It's unusual for a movie to have a custom-filmed trailer made for it; it's even rarer for it to get the honour of having two. Then again, 1941 is no ordinary film.
Back in the late '70s, director Steven Spielberg was hot property, having just directed two successive blockbusters in Jaws and Close Encounters. The cast boasted several rising comedy stars, such as Dan Aykroyd, John Belushi and John Candy. And in another unusual move, two studios - Universal and Columbia - joined forces to make the multi-million dollar action comedy.
The first of 1941's custom trailers came out well in advance of its release - a year before, during the Christmas of 1978. It's so premature, they even had time to change the name of Belushi's character to what he says it is in the trailer (it's Capt Wild Bill Kelso in the finished film):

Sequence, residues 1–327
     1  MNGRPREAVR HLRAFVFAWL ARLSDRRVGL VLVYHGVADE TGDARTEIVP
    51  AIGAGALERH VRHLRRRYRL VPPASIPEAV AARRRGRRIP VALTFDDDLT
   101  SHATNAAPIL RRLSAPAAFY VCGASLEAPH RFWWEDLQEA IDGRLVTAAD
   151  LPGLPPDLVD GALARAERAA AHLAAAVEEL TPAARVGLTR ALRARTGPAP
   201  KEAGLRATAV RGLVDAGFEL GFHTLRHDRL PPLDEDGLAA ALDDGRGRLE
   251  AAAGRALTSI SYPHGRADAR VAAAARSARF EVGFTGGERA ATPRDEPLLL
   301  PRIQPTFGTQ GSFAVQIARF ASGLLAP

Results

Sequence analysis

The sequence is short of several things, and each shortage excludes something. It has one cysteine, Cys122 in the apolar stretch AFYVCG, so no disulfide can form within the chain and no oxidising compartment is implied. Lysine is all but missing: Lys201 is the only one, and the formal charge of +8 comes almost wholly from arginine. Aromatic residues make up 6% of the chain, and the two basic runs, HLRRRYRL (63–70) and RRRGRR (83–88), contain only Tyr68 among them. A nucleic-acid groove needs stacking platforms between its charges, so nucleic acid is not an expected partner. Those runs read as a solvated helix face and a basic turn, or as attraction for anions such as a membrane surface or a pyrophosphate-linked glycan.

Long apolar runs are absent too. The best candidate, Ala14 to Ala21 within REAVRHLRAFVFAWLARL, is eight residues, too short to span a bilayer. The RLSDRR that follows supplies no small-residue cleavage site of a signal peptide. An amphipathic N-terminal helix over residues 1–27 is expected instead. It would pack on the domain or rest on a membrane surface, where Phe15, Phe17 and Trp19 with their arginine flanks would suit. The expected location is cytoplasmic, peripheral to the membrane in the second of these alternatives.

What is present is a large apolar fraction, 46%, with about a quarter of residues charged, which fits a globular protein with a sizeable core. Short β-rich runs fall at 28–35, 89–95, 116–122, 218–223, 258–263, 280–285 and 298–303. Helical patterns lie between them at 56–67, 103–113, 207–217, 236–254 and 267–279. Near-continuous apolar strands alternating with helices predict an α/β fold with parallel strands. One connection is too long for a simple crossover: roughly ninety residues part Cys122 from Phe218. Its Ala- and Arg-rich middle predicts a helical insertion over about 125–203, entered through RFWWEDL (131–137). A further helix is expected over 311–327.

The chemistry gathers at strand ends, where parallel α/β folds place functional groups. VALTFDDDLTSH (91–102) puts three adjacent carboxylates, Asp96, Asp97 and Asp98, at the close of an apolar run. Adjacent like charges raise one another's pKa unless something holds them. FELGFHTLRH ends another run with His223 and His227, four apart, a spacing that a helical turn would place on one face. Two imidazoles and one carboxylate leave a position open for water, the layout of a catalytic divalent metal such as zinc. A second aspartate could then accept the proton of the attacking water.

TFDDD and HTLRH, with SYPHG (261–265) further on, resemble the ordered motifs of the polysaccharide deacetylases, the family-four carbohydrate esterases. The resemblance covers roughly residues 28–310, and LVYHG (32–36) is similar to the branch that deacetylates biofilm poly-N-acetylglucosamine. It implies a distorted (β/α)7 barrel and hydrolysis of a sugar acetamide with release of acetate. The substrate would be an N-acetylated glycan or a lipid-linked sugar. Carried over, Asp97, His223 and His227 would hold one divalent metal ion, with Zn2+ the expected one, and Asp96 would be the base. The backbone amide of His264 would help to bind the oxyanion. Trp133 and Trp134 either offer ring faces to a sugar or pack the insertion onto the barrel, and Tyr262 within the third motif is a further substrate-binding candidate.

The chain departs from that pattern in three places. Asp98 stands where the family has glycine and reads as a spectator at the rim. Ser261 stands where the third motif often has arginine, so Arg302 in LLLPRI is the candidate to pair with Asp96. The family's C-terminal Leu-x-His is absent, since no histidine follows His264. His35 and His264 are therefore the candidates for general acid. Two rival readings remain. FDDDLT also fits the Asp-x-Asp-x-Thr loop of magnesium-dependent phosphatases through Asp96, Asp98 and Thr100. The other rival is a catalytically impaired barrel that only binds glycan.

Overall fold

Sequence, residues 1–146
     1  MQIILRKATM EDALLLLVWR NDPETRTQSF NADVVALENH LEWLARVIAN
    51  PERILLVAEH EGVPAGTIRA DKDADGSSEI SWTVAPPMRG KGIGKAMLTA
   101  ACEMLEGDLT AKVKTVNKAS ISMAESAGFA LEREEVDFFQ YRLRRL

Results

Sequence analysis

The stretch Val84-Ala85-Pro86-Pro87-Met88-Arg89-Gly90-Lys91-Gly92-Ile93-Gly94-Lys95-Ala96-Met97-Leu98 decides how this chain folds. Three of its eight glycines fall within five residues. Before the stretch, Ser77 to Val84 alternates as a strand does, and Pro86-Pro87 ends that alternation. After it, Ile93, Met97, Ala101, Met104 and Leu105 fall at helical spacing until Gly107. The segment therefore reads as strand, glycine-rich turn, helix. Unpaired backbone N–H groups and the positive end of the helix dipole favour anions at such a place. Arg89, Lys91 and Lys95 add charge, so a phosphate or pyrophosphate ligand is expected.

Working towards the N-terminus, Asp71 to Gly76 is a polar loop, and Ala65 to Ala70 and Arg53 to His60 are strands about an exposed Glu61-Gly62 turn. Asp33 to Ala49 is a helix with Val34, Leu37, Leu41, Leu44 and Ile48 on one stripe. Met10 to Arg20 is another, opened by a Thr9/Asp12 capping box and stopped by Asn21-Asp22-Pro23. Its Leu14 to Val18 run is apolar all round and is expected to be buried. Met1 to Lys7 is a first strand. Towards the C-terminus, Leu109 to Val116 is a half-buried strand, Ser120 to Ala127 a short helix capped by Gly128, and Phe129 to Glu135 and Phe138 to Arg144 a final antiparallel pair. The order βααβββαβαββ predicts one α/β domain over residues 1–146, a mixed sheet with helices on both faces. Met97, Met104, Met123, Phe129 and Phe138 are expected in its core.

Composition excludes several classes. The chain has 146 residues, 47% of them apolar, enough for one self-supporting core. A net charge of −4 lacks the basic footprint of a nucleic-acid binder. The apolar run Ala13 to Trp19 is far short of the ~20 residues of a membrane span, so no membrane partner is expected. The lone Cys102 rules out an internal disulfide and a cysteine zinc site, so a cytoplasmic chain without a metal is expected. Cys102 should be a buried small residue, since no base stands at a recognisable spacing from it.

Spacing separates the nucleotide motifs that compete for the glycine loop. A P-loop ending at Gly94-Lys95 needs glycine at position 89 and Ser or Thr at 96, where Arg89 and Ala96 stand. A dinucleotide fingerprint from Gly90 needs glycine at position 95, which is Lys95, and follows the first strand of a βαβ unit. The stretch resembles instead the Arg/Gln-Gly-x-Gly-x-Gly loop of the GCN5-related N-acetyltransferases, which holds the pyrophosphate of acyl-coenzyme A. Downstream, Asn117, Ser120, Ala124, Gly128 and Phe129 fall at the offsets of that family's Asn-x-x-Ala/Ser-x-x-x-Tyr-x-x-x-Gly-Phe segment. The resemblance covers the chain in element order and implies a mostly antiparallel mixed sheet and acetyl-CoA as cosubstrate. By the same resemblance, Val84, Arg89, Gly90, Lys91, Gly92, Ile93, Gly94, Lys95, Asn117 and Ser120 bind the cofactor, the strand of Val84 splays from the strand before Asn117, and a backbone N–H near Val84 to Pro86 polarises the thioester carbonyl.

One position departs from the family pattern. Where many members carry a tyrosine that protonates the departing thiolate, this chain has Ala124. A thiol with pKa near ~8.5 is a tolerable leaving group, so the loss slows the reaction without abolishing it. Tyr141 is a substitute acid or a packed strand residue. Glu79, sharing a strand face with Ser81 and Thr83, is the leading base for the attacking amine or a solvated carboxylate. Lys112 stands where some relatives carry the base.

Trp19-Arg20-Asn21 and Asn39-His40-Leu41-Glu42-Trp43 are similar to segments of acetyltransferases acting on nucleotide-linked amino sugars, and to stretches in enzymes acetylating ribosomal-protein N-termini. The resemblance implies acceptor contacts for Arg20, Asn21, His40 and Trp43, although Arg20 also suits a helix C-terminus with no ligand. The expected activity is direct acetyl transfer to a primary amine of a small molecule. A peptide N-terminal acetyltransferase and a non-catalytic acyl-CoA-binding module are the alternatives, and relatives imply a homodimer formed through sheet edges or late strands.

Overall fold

As well as brief footage from the movie and some of Williams' score, the second teaser also made use of the production's model shop skills, with the film's title tearing up through a miniature Los Angeles cityscape:
This image of a camera dolly towards a nighttime California city is something of a Spielberg trademark, with similar shots appearing in both Close Encounters and, particularly, E.T.
Whilst it's fair to say the resulting movie isn't exactly a career highlight for Spielberg , it's not a complete dud either. The miniature work is spectacular, there's a beautifully choreographed jitterbug setpiece and John Williams contributes a rousing score. It's also wrong, as many critics have, to call 1941 a financial flop - whilst the film didn't rack up huge box-office numbers as expected, it did end up turning a small profit for the studios.
I'd recommend searching out the film on DVD, if only for the extensive and surprisingly candid "making of" documentary.